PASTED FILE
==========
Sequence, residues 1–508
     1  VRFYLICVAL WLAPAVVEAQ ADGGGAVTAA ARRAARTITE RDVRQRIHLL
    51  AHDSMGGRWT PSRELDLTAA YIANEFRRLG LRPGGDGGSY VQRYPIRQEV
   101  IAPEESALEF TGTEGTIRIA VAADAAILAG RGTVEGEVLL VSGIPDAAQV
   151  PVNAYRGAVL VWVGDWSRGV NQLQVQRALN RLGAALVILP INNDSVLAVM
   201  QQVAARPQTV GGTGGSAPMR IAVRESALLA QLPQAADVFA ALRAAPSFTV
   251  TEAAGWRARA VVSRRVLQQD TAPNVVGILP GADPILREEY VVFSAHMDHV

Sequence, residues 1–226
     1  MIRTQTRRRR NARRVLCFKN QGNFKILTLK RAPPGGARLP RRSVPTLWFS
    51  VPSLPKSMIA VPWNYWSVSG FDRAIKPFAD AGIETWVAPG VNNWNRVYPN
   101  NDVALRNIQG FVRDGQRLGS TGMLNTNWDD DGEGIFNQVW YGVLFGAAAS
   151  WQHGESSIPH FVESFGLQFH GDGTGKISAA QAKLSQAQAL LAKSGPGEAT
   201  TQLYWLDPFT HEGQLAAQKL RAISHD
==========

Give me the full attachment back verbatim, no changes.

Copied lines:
Sequence, residues 1–508
     1  VRFYLICVAL WLAPAVVEAQ ADGGGAVTAA ARRAARTITE RDVRQRIHLL
    51  AHDSMGGRWT PSRELDLTAA YIANEFRRLG LRPGGDGGSY VQRYPIRQEV
   101  IAPEESALEF TGTEGTIRIA VAADAAILAG RGTVEGEVLL VSGIPDAAQV
   151  PVNAYRGAVL VWVGDWSRGV NQLQVQRALN RLGAALVILP INNDSVLAVM
   201  QQVAARPQTV GGTGGSAPMR IAVRESALLA QLPQAADVFA ALRAAPSFTV
   251  TEAAGWRARA VVSRRVLQQD TAPNVVGILP GADPILREEY VVFSAHMDHV

Sequence, residues 1–226
     1  MIRTQTRRRR NARRVLCFKN QGNFKILTLK RAPPGGARLP RRSVPTLWFS
    51  VPSLPKSMIA VPWNYWSVSG FDRAIKPFAD AGIETWVAPG VNNWNRVYPN
   101  NDVALRNIQG FVRDGQRLGS TGMLNTNWDD DGEGIFNQVW YGVLFGAAAS
   151  WQHGESSIPH FVESFGLQFH GDGTGKISAA QAKLSQAQAL LAKSGPGEAT
   201  TQLYWLDPFT HEGQLAAQKL RAISHD